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The Ending Of Haywire Explained

Director Steven Soderbergh has proven time and time again that he's a master of the craft regardless of what genre he's operating in. From pulling off thrilling heist capers in the "Ocean's Eleven" trilogy to making one of the most relevant movies in the modern era with the thriller "Contagion," he always understands the assignment. It was only a matter of time until he could prove he could choreograph a fight sequence with the best of them thanks to 2011's "Haywire."

The film follows a highly trained security contractor, Mallory Kane (Gina Carano), who's betrayed by someone on her own team after she successfully frees a hostage. She needs to uncover who carried out the double-cross, and fortunately, she has years of black-ops training to allow her to smoke out her true adversary. Carano's joined by a stellar cast, including the likes of Ewan McGregor, Michael Fassbender, Channing Tatum, Antonio Banderas, and Bill Paxton.

In true Soderbergh fashion, the film is filled with twists and turns with ample doses of brutal fisticuffs. It's 92 minutes of pure adrenaline-pumping action directed with the care of a true auteur, but if the "Haywire" ending left you a bit befuddled, then allow us to bring this dark ops tale into the light. 

Haywire ends with Mallory learning of her setup

Throughout "Haywire," various men attempt to kill Mallory for seemingly unknown reasons, forcing her to set up on a globe-trotting journey to figure out how she can get out of the game for good. This results in a tense confrontation on the beach with Kenneth (McGregor) revealing that the journalist she saved initially had information linking Studer (Mathieu Kassovitz) to a human trafficking operation. She inadvertently led the journalist to Studer, who killed him, but she was framed with the murder after it came out she planned on leaving the private intelligence firm she used to be a part of. 

This information is conveyed via flashback, where we see all the machinations fall into place before we're transported back into the present. It all ends with Mallory tracking down the last man who betrayed her, Rodrigo (Banderas), obviously prepared to kill him so that she can move on.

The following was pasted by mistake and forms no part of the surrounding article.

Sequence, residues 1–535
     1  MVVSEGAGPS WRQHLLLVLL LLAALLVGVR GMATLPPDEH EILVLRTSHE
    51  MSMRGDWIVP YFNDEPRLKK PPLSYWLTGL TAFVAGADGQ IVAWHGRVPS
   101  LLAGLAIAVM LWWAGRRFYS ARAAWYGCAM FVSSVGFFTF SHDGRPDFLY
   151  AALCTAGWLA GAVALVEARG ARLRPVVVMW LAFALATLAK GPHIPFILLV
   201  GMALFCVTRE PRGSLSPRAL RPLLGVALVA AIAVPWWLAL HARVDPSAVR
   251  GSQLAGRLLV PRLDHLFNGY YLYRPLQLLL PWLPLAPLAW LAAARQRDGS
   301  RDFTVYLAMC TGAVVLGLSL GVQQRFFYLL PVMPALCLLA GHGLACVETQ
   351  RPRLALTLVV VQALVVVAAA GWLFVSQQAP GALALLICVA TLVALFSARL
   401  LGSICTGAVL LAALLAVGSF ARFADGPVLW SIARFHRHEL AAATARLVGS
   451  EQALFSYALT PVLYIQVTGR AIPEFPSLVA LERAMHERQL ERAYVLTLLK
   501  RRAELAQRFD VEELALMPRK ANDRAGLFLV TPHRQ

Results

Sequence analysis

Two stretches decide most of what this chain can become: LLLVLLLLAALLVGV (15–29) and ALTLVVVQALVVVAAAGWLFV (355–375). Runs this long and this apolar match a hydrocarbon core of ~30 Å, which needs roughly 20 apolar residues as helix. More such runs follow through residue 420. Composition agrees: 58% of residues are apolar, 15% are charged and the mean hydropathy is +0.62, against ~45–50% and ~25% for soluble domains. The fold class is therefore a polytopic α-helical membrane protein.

Without the context provided in the ending, "Haywire" comes across as a textbook thriller. There's a lot of talk of double-crosses and characters asking, "Who set me up?" In the end, it all relates to the beginning as we learn that the journalist Mallory saved at the beginning ties into everything, and that single mission is the reason why she's had to fight for her life throughout the movie. The "Haywire" ending is par the course for Soderbergh's films, which often include flashbacks to illuminate more confusing aspects of the plot we've seen previously. "Ocean's Eleven" ends with scenes depicting how the team pulled off the heist while "Contagion" ends with a flashback sequence showing how the virus that kicked off the pandemic in the first place came to be transmitted to Patient Zero. Once again, Soderbergh has proven his mastery of story structure.

The political undertones to the ending of Haywire

"Haywire" may come across as a straightforward action-thriller with fight scenes that would give "John Wick" a run for its money, but looking more closely, it's hard not to see it as a political allegory for how men in power view women. 

Aside from a few minor characters, Mallory Kane is really the only woman in the film. She's exclusively hunted down by men, and during one of the final scenes, we see how it's only men discussing what to do with it after it's announced she plans on leaving the firm. What you see is a bunch of males deciding her fate without even bothering to bring her into the conversation at all. She's talked about in length and her fate is ultimately decided by other people, but she's left out of the conversation entirely. Through a political lens, it's hard not to look at the scene as an allegory for women's healthcare and how predominantly male politicians are the ones deciding what women can have access to. 

In real life, women are often stripped of agency, with men attempting to control every aspect of their existence. With this in mind, it's easy to look at "Haywire" as a commentary on how one woman rebels against the patriarchy so that she can carry on with life on her own terms. By the end of the film, she's dispatched all the men from her previous life and has cleared her name. Life is wide open to her from here on out, whether she accepts that job offer from the CIA or goes down a completely different path.